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Wiremu Curtis `Stupid But No Murderer': Lawyer

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Fuseworks Media
Fuseworks Media
Nia Glassie
Nia Glassie

Rotorua, Nov 13 NZPA - Wiremu Curtis accepted that his actions undoubtedly contributed to Nia Glassie's death but he was not a murderer, a jury in the High Court at Rotorua was told this afternoon.

Defence lawyer Craig Horsley said the "frightful" treatment of Nia at her home in July last year by 18-year-old Curtis -- partner of the three-year-old's mother -- was "totally unacceptable" even if labelled as rough games or a joke.

Wiremu Curtis had not intended to hurt Nia and what he did was stupid but not criminal.

Mr Horsley said Curtis was only 17 at the time "a slow learner with the academic ability of a 12-year-old".

He was easily intimidated and "a follower, not a leader".

Curtis wasn't thinking of the consequences of his actions and had no murderous intent, the lawyer said.

"It just didn't cross his mind."

Earlier in the day Jonathan Temm, counsel for Wiremu's older brother Michael Curtis, 22, opened the defence case in the trial of the five people charged over Nia's death.

The brothers are both accused of murder, while Nia's mother Lisa Kuka, 35, cousin Michael Pearson, 20, and Michael Curtis's partner Oriwa Kemp, 18, face manslaughter counts.

Mr Horsley said it was understandable if jurors were disgusted, loathed his client and felt someone must pay for what happened to little Nia Glassie.

"But to decide he is guilty based on those feelings would be wrong. This is a court of law and the decision must not be based on moral outrage."

Incidents such as the toddler being put on a revolving clothes line had started as a game -- one in which Wiremu Curtis was "merely a spectator", Mr Horsley submitted.

Michael Curtis had been the one who pushed the line harder and faster until Nia fell off.

Putting her in a tumble dryer also began as a "silly, idiotic game" that was taken too far without any consideration of the consequences.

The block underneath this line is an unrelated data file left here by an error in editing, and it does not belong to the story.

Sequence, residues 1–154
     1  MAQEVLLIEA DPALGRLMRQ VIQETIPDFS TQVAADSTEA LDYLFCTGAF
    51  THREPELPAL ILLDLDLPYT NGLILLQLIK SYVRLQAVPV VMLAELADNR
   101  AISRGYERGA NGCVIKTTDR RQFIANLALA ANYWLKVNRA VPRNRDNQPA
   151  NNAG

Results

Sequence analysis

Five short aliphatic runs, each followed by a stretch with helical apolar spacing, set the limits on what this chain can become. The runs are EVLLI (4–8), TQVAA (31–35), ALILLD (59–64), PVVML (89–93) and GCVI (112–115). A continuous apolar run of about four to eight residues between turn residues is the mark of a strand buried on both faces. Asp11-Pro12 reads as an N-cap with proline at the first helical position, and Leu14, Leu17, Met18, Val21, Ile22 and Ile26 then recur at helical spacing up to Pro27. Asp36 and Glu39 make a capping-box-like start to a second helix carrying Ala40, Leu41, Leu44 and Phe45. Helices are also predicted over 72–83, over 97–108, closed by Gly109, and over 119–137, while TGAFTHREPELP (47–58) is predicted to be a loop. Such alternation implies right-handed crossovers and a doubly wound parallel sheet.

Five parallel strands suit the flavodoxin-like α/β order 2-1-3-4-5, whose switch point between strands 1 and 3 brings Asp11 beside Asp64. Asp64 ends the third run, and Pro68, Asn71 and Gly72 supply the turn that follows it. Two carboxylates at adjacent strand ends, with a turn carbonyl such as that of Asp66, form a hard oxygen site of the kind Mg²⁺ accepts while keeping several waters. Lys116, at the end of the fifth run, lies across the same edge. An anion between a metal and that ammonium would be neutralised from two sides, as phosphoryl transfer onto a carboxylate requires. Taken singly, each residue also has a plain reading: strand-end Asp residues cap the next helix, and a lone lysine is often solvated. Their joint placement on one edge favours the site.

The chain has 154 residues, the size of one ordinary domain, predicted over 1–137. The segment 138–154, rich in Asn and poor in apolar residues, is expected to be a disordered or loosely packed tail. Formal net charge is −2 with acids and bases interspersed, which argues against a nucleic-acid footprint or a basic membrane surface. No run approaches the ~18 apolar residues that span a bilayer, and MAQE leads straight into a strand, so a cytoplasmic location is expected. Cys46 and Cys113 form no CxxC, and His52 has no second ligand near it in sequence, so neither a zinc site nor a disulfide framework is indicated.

He said throwing a basketball at Nia and wrestling her were naive teenage games "as outrageous as it might be, as mind blowingly stupid as it might be".

Curtis did not act with malice. When she was hurt or cried, he stopped.

"His game playing went awry. The fact that this may be morally stupid behaviour does not elevate it up the ladder to criminal behaviour," Mr Horsley said.

Like Mr Temm, he suggested the Friday night kicks to Nia's head, which the Crown says led to her death, did not happen.

Rather, the little girl had begun a gradual decline two days earlier after she fell two metres to the ground off the clothesline. That incident may have resulted in a subdural haematoma. Or, according to expert witnesses, it could have even happened 12 to 16 days earlier.

The youngster had suffered numerous "not insignificant" bangs to the head over some days, which could have caused a cumulative effect, Mr Horsley said.

Her lethargy, sleepiness and complaints of a sore head earlier on the Friday -- before the prosecution claims the kicks to the head happened -- were consistent with her suffering a head trauma and the bleeding to the brain that led to coma and eventual death.

Mr Horsley told the jury that, just because both Curtis brothers were charged with murder, they did not have to find both guilty.

"Murder requires murderous intent. Manslaughter does not."

Unless jurors were sure, they must not convict Wiremu Curtis of murder "no matter how much you want to do so" because it would be wrong in law.

Lawyers for Pearson, Kemp and Kuka will address the jury tomorrow.

The month-long trial is expected to end early next week.

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